in Aged Care Facilities
Did you know that nearly half of all people living in residential aged care facilities fall each year?
While some falls cause no injuries, others can cause serious harm. Falls can also result in you fearing further falls and make it harder for you to stay independent.
There are usually a number of reasons for
someone falling. These may include poor balance, incontinence, unfamiliar environments and obstacles in the environment, poor eyesight, unsafe footwear and some medicines, to name a few.
Aged care staff can help you to reduce your risk of falling by:
- helping you to settle in, keeping your surroundings safe, and providing you with falls prevention information
- assessing your risk of falling and discussing the results with you
- developing and implementing a care plan suited to your needs (your risk of falling will be reviewed regularly)
- organising other health professionals to manage the causes of you being at risk of falling.
Everyone has a role to play in preventing falls.
What can you do?
- Be active every day in as many ways as you can; participate in supervised exercise classes at your facility.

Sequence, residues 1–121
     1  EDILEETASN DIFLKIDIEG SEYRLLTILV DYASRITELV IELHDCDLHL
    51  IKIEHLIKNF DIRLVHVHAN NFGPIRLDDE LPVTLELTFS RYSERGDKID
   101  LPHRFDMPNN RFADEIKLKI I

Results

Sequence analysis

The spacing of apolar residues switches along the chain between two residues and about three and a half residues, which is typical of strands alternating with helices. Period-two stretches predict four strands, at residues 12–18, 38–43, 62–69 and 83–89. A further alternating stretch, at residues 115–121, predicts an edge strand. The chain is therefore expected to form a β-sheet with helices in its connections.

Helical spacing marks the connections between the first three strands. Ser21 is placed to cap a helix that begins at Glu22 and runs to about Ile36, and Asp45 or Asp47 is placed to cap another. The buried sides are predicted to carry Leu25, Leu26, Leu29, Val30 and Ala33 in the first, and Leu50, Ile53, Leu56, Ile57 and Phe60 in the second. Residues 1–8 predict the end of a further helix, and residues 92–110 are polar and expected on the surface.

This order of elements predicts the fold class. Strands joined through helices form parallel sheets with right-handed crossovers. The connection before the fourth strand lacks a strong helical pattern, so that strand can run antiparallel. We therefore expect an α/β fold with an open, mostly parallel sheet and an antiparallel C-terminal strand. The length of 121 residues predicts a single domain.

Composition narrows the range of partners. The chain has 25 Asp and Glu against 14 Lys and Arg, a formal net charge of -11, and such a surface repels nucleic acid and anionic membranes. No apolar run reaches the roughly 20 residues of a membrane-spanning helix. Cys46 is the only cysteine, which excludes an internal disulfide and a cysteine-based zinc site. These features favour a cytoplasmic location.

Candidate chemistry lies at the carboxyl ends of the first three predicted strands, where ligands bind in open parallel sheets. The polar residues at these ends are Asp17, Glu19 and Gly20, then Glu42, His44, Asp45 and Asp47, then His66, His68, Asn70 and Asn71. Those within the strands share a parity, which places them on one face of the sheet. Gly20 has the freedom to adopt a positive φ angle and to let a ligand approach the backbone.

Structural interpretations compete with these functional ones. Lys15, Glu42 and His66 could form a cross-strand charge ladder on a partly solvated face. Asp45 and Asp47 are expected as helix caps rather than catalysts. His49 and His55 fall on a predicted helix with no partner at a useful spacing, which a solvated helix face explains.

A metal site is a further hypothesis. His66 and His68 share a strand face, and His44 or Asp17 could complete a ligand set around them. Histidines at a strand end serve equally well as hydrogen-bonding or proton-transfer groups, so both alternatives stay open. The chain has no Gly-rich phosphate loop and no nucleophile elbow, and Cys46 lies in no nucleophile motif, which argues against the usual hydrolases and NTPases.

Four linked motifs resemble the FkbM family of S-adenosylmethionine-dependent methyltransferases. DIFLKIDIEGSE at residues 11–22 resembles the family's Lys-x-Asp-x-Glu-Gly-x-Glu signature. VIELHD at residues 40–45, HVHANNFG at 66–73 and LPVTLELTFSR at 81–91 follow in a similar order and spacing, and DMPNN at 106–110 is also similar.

- Wear comfortable clothing that is not too long or loose. Whenever you are up and about, wear comfortable, low-heeled and nonslip shoes that fit you well, rather than slippers.
- Use your call bell when you require assistance, especially for going to the bathroom, and keep the call bell in easy reach.
- Take your time when getting up from sitting or lying down.
- If you have your prescribed walking aid, make sure it is in good condition and that you use it rather than using furniture or walls for balance.
- Let staff know if you feel unwell or unsteady on your feet.
- If staff recommend that you need assistance or supervision when moving, please ask them for this assistance and wait until they come to help you.
- Look out for environmental hazards such as spills and clutter that may cause a fall, and tell staff about them promptly.
- If you have spectacles, only wear your distance ones when walking. Take special care when using bifocal or multifocal glasses.
- Eat healthily and keep your fluid levels up, because dehydration can disorient you.
- Wear your hip protectors if you have them. What happens if you fall?
- If you do fall, staff should take action to identify what contributed to your fall and reduce the risk of you falling again. You may be assessed by a doctor, and staff will repeat some or all of your fall risk assessment. This may mean that your care plan is changed. However, any changes to your care plan will be discussed with you.
This fact sheet has been adapted from Preventing Falls and Harm From Falls in Older People: Best Practice Guidelines for Australian Residential Aged Care Facilities 2009, developed by the Australian Commission on Safety and Quality in Health Care.